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About lenp

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  • Birthday 10/05/1945

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  1. If your frig is working (cooling properly) why would you want to change the cooling unit????? Wait until it fails. Lenp
  2. How Long Will Refrigerator Run

    If you could beef up the charging line from the TV you would get a few more amps back to the trailer and probably keep the batteries fully charged. OR, install a couple of solar panels on the roof. I have 750 watts on the roof that will supply all my needs (including the Samsung refer) if I can get 4-5 hours of sun every day. Lenp
  3. Firefox Quatum

    been using it about a week as secondary browser (Chrome is primary). No issues yet. Lenp
  4. Dogbone versus flat adapter

    That extension cord should be at least 12 gauge wire if you want to run the heater on high. Even then it may get a little warm. Lenp
  5. Generator front cover on motorhome

    Could you get the wood out of the existing fiberglass and then install fresh wood followed by some new fiberglass (all on the inside)? This would require some fiberglass work but it is not that hard to do. Lenp
  6. The part I replaced is called a thermal fuse but could easily be considered a "high limit" switch. It is there to prevent overheating of the defrost heater as masterdrago indicated but it is not a thermistor. Is is a thermal fuse that opens if it gets too hot. I suspect ksmedley's failure was the exact same thing I had. Lenp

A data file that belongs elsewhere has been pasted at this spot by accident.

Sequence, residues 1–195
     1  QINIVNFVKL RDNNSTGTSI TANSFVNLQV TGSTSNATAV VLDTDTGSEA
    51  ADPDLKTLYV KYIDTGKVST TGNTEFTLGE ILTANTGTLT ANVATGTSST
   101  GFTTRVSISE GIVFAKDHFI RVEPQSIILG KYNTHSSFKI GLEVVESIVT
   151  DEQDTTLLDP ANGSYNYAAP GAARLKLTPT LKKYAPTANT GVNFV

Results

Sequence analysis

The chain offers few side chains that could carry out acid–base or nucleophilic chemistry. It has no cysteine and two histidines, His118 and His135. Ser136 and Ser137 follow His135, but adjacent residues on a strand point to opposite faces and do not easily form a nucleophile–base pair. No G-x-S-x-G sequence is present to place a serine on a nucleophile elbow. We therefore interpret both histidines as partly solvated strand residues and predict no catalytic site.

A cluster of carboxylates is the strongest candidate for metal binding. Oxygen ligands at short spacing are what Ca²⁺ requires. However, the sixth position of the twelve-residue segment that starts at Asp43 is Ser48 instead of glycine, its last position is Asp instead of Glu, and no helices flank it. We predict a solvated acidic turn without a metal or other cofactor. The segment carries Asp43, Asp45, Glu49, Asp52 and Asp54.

7. RV storage tips

    If you have access to power while in storage you might try a rope light under the coach. Pack rats do not like light. I have 12 volt LED lights in the front and rear of my MH and have not had a problem. Saw several rigs at The Ranch (Lakewood) using the rope lights with success. Lenp
  8. Solar & portable heater questions

    Why do you want to cover the solar panels? Leave them exposed and let them keep your batteries topped. As for heaters, that extension cord is going to limit the wattage you can use for electric heat. 14 gauge you can probably run a small portable electric on set for MEDIUM heat but I would not recommend running it on HIGH - connections and cord probably would get pretty warm. Even on medium you will not have any spare amperage for other items. Lenp
  9. Still having b attery problems

    All the negative battery leads should be tied together and then connected at the BATTERY side of the shunt. You could wire all battery negatives together and then one cable to the shunt or all three batteries negative terminals could be connected to one side of the shunt and then ONE lead goes from other side of the shunt to the chassis. All current must travel through the shunt. Here is a diagram of mine: Lenp
  10. Still having b attery problems

    Doesn't "RV" stand for "Repair Vehicle"? Lenp
  11. Installed the switch last night and it works! This morning ambient was 61 and set point was 72 when I turned the heat pump on this morning. Heat pump came on and took about 40 minutes to get coach up to the set point. Gas furnace never came on. Mission accomplished. Lenp
  12. Still having b attery problems